We see a lot of Halloween projects attempt to scare people. Many of them work with the element of surprise, jumping or flashing lights when triggered. We’ve noticed though, people have come to expect those things. This project is a real sleeper. No one expects a couple car horns to blare in their face when they push the pumpkin’s nose. We know it would make us jump. You can see it in action as well as get the entire circuit from his site. We doubt his neighbors will find it as amusing as we do.
[via Hacked Gadgets]
Halloween is a scary time for the little ones. It’s dark, they can barely see through their injection molded Spiderman masks, but it’s all worth it for the candy.
Our friends over at Evil Mad Scientist Labs have produced a pumpkin that moves on its own. The little pumpkin was disemboweled from the bottom and its guts were replaced by a simple robot. Three Lego wheels provide this base with one attached to a continuous rotation servo that provides the motion. The device is powered by 3 AAA batteries and powered by an Atmel ATtiny2313 microcontroller. For added terror there are two green LEDs that act as ghoulish eyes.
We’ve embedded the video of the Rovin Pumpkin in action after the break. This is a wonderfully simple way to spice up your front porch decorations on All Hallows’ Eve. Continue reading “Scare ‘em silly with a moving pumpkin”
[Todd] sent in his Hack-o’-lantern just a bit late for Halloween. He did a good job of working with the logo considering the difficulty it poses for pumpkin carving. We would have been proud to have that on our porch for the kids to steal and smash in the road. Since others in the past have also done Hack a Day pumpkins, maybe this will spawn a Hack a Day pumpkin carving contest next year. If he had enough time to get the green LED working, it would have been that much sweeter; everything is better with electronics.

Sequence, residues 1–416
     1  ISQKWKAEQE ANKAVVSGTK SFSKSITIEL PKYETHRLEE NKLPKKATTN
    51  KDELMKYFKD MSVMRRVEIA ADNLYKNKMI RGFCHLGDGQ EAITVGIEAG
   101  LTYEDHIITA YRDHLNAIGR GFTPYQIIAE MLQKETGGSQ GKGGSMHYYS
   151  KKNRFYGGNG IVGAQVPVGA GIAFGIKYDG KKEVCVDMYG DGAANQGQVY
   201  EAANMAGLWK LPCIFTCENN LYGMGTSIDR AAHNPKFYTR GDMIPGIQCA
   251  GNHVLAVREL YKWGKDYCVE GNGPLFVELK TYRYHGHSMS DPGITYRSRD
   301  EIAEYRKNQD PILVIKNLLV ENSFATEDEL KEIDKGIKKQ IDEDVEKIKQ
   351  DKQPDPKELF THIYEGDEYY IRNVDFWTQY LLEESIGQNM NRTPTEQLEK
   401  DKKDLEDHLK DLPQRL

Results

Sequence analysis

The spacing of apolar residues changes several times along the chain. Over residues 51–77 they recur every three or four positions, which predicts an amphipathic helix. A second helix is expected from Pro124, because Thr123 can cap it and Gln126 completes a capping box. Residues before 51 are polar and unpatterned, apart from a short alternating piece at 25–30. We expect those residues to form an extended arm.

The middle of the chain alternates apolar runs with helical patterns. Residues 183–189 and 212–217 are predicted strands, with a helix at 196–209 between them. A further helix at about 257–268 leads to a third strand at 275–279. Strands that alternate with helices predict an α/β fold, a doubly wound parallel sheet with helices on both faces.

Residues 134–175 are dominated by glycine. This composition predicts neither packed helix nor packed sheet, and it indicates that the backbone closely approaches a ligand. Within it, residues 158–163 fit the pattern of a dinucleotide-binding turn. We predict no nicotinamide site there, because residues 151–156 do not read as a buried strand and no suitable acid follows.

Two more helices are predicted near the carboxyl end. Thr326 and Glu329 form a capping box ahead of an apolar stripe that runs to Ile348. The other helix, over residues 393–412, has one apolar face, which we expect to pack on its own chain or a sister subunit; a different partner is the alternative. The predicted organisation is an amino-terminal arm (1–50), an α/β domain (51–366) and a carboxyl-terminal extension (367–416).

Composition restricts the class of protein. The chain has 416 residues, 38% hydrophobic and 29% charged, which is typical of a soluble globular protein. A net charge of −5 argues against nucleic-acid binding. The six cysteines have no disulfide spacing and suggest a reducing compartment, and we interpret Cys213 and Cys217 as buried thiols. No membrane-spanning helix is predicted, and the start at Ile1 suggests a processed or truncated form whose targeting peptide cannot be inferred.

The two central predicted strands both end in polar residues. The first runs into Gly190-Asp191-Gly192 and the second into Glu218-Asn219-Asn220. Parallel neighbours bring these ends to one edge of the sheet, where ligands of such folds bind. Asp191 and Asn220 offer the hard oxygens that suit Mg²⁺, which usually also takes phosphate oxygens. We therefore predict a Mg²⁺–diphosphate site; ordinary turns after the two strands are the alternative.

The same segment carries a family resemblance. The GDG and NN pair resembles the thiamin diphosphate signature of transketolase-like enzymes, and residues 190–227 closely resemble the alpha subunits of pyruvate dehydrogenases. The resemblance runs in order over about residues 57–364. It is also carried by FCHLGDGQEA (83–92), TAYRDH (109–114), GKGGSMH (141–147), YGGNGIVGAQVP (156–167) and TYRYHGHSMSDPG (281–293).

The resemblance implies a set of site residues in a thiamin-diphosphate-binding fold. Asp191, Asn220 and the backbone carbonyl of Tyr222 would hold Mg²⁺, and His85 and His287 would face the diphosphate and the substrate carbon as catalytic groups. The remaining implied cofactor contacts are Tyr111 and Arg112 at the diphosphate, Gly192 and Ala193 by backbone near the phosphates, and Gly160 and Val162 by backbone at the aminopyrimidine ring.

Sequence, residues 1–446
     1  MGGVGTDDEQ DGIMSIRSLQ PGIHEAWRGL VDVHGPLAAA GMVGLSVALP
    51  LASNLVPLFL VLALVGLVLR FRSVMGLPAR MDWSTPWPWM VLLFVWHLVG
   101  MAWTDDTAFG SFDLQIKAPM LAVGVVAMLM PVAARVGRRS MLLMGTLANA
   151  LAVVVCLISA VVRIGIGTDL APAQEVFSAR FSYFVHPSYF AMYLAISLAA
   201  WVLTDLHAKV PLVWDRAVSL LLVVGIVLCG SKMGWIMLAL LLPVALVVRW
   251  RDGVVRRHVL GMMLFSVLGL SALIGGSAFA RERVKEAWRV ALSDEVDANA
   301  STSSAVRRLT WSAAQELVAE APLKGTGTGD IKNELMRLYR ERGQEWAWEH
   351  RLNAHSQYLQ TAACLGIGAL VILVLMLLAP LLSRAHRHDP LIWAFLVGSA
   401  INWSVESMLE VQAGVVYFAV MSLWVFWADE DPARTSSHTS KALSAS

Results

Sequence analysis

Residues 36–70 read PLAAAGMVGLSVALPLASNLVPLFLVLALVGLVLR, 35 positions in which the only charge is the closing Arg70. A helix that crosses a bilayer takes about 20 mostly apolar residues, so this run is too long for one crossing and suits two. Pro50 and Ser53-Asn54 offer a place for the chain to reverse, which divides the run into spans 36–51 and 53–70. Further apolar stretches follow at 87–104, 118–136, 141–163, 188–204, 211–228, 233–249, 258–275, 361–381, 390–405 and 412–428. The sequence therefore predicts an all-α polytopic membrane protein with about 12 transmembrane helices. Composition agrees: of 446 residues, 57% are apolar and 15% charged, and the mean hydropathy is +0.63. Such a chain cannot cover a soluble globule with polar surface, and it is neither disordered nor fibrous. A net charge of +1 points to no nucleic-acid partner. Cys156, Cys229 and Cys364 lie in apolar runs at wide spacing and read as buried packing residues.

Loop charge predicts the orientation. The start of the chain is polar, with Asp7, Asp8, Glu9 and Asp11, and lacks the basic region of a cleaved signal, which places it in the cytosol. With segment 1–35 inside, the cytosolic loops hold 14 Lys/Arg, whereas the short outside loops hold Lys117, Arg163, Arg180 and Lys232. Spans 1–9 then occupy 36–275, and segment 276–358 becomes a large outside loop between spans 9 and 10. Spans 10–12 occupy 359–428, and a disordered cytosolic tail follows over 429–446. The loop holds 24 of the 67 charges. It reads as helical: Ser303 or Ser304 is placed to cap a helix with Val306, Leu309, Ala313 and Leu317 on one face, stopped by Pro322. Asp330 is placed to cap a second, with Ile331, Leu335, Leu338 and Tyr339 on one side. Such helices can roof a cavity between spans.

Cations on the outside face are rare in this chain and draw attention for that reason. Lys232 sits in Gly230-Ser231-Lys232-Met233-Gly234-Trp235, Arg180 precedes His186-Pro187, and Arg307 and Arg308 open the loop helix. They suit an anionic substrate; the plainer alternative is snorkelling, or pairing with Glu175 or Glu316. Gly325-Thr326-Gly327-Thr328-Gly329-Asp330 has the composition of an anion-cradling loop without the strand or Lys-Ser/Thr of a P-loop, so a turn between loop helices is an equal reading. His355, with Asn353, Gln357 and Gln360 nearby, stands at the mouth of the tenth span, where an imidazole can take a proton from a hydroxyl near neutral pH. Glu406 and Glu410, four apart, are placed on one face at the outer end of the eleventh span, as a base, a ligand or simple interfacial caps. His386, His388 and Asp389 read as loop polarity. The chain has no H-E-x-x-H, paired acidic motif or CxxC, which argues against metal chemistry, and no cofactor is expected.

How do hardware geeks carve pumpkins? With giant home made CNC mills, that’s how. Using the open source CNC kit from Lumenlab.com, they converted a photograph into g-code, then fed it to the machine. After about 20 minutes of pumpkin drilling, they had this beautiful jack-o’-lantern. We are definitely jealous. Keep up the good work Lumenlab.
[aballen] wanted to light the jack-o’-lantern this year with something that didn’t actually require fire. After searching for a project that was cheap and yielded decent results, he ended up just making his own. This project utilizes an ATtiny13 and two LEDs, red and orange. The overall build is quick and simple with some very basic code for the flickering. If you really want it more enclosed, there is this similar project using a cheap electric candle. Of course, not everyone has the time or desire to make one that is this realistic. You could always just go the easy way, no microcontroller required.
Why limit it to just lighting up your pumpkin though? Lets take a stroll through Evil Mad Scientist Laboratories hallways and see the Snap O Lantern or the dark detecting pumpkin and the Cyclonolantern.
Happy Halloween! I’m in the mood for an extra, and I’ve got some stuff that’s been turning to zombies from the tipline.
Pictured above is a nice simple LED pumpkin sent in by [John]- perfect for the hacker with less than stellar art skills.
Let’s not forget [mastershake]s Hack-A-Day pumpkin from last year. Where’s the THAD pumpkin you promised? [Wolfgang] sent in these mini pumpkin bots – they look like toys, but they’re made from XBox parts and radio control cars.
Last year Max sent in his talking Halloween basket. (I always wanted to strap that voice module to a co-workers chair…)
[Brandon] built a budget (~$150) guitar hero controller out of a Gibson Epoch guitar from target.
This scanner cam has been around for a while, but I admire how he keeps fine tuning and tweaking the design. Thanks to [Loopymind] for passing it along.
I keep getting emails telling me that Google Earth has a flight simulator. Yes. We all know about it.